An analysis carried out by the US government has raised concerns about the EU’s AI Act, warning that the legislation put forward by the bloc could end up curbing investment in the technology and favoring large AI companies at the expense of smaller rivals.
The analysis, carried by the State Department, also warned that the EU regulations are likely to dampen “the expected boost to productivity” expected from AI-based technology and potentially lead to “a migration of jobs and investment to other markets,” according to a report from Bloomberg.
Furthermore, as-yet unpublished documents related to the analysis describe some of the rules in the EU’s AI Act as “vague or undefined.” Similar criticisms, though, were levelled at the US government in July after President Joe Biden sought "voluntary commitments" from seven leading AI tech companies to help address safety, security, and trust issues associated with the technology.
Meanwhile, investment in AI research, development and commercialization within the EU is likely to suffer, according to the State Department analysis, with the resource-intensive nature of training large language models (LLMs) limiting the competitiveness of European firms. The cost of compliance with the AI Act could mean that only the largest tech companies would have the resources to train machine learning systems, according to the analysis.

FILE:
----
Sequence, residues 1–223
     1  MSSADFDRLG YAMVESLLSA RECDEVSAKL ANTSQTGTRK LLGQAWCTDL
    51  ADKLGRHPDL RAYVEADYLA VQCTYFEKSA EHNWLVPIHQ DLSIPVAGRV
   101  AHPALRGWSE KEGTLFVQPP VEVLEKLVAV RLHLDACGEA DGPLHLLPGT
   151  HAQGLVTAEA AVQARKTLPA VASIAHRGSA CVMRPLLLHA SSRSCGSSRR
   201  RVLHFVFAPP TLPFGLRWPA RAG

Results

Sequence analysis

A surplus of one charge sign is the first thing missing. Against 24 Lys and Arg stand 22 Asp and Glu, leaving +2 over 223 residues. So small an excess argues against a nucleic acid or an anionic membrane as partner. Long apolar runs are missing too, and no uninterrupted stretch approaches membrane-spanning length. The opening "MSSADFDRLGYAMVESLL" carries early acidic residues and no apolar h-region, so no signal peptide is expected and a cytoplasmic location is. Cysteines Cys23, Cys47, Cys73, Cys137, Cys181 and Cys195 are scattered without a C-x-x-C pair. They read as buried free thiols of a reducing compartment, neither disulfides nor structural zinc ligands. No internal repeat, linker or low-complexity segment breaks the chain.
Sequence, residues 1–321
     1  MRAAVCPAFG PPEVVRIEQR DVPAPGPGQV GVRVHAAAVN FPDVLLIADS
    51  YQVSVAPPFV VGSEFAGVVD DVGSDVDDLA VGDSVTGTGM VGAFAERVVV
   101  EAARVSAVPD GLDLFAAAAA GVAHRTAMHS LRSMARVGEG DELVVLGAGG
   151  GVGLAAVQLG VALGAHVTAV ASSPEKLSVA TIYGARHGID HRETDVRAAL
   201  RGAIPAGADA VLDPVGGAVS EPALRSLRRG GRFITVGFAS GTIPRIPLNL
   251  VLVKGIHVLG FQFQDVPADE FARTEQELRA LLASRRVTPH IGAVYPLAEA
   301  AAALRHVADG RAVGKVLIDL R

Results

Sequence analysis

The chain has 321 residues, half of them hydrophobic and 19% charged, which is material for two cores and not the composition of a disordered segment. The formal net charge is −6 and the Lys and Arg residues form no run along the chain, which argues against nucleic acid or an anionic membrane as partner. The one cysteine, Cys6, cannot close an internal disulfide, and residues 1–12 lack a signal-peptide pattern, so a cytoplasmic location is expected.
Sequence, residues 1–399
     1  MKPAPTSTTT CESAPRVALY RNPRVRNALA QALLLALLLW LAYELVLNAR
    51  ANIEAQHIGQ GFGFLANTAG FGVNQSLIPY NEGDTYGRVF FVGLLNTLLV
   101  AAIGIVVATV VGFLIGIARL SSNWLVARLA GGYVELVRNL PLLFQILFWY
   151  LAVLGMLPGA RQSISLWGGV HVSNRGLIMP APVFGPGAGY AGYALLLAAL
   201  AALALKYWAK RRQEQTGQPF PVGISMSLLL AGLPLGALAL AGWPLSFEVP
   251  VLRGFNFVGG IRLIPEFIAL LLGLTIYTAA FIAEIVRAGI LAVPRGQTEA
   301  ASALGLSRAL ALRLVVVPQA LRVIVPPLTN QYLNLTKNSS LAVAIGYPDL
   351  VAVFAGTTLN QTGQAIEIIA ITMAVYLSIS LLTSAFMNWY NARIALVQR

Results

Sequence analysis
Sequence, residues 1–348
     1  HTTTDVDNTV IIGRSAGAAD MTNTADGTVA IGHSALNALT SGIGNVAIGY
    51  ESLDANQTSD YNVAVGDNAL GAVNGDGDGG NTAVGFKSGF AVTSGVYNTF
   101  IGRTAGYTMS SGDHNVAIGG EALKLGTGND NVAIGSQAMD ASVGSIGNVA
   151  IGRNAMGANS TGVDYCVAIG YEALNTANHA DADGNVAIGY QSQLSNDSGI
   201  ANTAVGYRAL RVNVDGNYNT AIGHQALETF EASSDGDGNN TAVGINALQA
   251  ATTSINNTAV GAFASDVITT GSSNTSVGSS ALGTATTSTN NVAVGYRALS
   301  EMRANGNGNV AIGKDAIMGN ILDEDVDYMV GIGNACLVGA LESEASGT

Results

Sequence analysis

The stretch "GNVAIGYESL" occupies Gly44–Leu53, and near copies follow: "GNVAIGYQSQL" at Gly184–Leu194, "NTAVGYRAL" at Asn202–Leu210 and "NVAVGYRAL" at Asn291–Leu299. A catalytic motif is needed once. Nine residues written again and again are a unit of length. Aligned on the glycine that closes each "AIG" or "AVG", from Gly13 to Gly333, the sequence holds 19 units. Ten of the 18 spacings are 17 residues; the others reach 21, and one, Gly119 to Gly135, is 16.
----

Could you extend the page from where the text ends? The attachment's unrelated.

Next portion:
The State Department declined to comment.
"We do not comment on purportedly leaked information," according to a statement sent by a State Department spokesperson. "Through our strong and continuous partnership with the European Union, we seek digital solidarity on key bilateral issues."
While the US government has yet to publish a legislative plan for AI that’s as comprehensive as its European counterpart, it appears that so far the US is taking a risk-focused approach to regulating how AI models are being used, looking mainly at possible negative outcomes. In comparison, while the EU has taken the risk of AI into account, its legislation is more heavily focused on how AI models are being developed.
The EU's AI legislation agenda
The European Parliament approved a draft of the EU's AI Act in July, although each EU country needing to agree on the bill before it becomes law.
The legislation currently includes a requirement for generative AI systems to comply with transparency requirements by disclosing if content was AI-generated, and helping to distinguish deep-fake images from real ones.
However, some of the more controversial rules that are expected to see some backlash include the total ban on biometric surveillance in public settings and so-called “social scoring” systems, which classify people based on their social behavior, socioeconomic status, and personal characteristics. Members of Parliament that make up the center-right European People’s Party faction of the body have argued that a total ban on biometric use could hamper crime-solving and counter-terrorism efforts.